AWS Workspaces vs. Azure Virtual Desktop (AVD)

Those working in the IT department in early 2020 can well recall their manager telling them that the enterprise is going entirely remote shortly. They were also told to prepare for this shift. For IT teams, it’s certainly nothing short of a challenge.

Questions like ‘Will they be able to fulfill the hardware and software needs of the employees’ race in their heads. Working with a cloud provider to give virtual desktop infrastructure to your staff is an effective way to resolve these cloud enablement problems.

An Azure virtual desktop provider that gives an end-to-end implementation and management of your Azure virtual desktop environment allows end-users to experience no business disruption. It also leads to greater application availability. 

The Definition of a Virtual Desktop

Options like Azure and AWS can be utilized to deliver virtual desktops to workers who have the programs they require either pre-installed or given as needed.

But you cannot only deploy a virtual machine and think it to be a virtual desktop. The virtual desktop infrastructure solution is the one that is scalable, secure, and easy to use. 

Comparison between AVD and AWS Workspaces

When deciding between AVD and AWS, it’s essential to closely compare various aspects of both products and then decide on the best option.

Features

With AWS workspaces, every individual receives their personal desktop that can be either Linux OS or Windows. On the other hand, in AVD, Windows is the only option.

People can have either their desktop or a group of people can share and collaborate on a virtual machine. When people share and collaborate on a single device, it helps cut costs and minimize virtual machine count.

Another crucial factor is that AWS workspaces Windows offers Server 2016. To work on Windows 10 on AWS workspaces, you require the relevant licensing and at least 200 workspaces in every region.

Pricing

The next step is to compare the pricing of both products. Suppose you plan to create virtual desktops for a department having ten users. In that case, you will require a 2 virtual CPU machine having 8GB RAM and Windows operating system.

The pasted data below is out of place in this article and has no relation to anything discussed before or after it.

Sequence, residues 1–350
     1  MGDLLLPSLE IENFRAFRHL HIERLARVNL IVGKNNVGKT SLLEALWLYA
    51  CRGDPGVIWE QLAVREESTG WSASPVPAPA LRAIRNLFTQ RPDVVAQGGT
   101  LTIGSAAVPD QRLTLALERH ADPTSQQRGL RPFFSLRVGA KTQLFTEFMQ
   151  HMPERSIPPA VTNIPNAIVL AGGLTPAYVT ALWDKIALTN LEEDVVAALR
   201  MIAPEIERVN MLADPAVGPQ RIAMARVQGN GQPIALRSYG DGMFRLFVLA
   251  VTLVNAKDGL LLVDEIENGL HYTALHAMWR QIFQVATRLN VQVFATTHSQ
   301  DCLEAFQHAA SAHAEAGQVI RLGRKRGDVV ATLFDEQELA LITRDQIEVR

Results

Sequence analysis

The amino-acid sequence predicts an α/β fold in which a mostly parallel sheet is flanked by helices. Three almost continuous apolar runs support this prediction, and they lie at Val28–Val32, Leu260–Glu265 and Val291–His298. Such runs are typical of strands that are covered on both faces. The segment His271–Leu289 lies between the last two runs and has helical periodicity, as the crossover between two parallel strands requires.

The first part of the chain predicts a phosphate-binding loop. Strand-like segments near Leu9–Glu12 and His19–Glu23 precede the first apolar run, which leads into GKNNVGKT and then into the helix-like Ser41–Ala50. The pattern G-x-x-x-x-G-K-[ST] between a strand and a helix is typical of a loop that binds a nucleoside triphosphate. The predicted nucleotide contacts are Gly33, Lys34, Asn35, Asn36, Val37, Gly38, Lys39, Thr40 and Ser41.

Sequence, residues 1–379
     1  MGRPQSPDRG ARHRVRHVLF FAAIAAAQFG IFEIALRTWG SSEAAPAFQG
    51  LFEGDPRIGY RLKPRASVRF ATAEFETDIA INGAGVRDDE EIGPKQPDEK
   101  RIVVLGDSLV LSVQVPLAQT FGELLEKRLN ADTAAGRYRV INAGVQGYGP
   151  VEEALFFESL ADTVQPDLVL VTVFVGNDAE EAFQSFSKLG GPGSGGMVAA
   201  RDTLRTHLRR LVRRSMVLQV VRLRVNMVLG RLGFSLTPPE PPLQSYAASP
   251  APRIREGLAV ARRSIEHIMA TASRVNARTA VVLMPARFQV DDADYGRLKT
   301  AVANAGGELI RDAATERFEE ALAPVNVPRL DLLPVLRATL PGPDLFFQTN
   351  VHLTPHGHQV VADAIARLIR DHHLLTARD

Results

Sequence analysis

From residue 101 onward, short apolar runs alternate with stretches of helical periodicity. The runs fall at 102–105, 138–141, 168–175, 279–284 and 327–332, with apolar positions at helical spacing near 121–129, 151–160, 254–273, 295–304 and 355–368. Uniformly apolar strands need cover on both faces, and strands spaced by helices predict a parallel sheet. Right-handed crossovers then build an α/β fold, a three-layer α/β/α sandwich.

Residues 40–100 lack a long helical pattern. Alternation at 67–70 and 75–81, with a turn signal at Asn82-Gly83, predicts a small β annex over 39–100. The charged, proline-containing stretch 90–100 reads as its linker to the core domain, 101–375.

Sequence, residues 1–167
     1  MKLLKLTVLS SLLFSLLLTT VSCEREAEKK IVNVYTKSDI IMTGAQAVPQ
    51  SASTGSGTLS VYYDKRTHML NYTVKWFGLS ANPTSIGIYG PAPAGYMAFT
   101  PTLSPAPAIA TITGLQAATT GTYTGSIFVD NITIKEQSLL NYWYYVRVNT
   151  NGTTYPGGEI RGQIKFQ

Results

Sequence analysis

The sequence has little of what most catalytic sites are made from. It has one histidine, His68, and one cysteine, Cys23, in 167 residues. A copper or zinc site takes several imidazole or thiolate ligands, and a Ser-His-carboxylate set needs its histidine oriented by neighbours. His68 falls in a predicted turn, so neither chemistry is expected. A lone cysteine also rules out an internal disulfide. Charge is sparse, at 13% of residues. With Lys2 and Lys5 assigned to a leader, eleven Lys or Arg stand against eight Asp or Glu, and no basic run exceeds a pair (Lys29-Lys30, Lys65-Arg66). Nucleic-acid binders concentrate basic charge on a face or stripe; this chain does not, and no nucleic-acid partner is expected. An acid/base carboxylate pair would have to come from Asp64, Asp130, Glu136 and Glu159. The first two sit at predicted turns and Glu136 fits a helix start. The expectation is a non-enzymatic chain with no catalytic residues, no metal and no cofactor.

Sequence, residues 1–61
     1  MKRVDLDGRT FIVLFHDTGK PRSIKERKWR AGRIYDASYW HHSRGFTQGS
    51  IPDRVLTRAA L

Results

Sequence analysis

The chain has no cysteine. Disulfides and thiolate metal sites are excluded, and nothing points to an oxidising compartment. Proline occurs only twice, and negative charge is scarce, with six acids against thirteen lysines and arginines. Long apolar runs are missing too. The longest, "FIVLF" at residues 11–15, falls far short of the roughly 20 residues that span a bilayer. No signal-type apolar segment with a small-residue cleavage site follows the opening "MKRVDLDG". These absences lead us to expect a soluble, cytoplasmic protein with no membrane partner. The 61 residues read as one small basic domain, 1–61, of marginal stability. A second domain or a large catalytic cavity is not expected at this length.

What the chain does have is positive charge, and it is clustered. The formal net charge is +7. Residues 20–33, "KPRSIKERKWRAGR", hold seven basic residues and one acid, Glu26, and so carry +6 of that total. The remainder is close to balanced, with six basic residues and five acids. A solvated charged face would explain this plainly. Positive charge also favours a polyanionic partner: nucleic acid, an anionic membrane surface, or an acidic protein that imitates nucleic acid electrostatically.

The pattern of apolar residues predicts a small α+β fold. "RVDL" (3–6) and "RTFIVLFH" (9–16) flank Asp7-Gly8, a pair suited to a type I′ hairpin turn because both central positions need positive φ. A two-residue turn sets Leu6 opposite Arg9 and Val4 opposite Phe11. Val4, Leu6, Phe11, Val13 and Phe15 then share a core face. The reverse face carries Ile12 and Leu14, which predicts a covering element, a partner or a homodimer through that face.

With these requirements, you will notice that it will cost $47 per month. For ten users, it will amount to $470 per month. You can look at the cost of AVD in two ways. First, where every user receives their personal machine, and the second, where users share (pooled) a virtual machine.

A D2_v4 virtual machine having VCPUs and 8GB RAM will cost $80 per month for every user. But you also need to consider the licensing.

Suppose every user will utilize MS 365 premium subscription, which costs $20 per user per month. The overall cost will be $100 for ten users every month. It ultimately comes to $1000 per month in total.

Performance

Both AWS and AVD perform almost the same through the native remote applications. With AVD, there’s a lesser delay in opening applications and programs than AWS. 

On the reliability front, AWS workspaces provide a 99.9 percent uptime SLA. AVD, on the contrary, endeavors to achieve 99.9 percent availability. Microsoft does not give an SLS agreement that is backed financially. So, if you require an SLA, then you can go ahead with AWS workspaces.

After considering the various aspects, you should choose the one based on your situation. For instance, if you want to give a Linux Desktop, then use AWS Workspaces. But if you require Windows 10 for 100 to 150 users, then AVD is the right option.

It’s essential to work with an Azure virtual desktop provider who monitors your AWD environment proactively. It helps in the resolution of a large number of incidents before they even happen.

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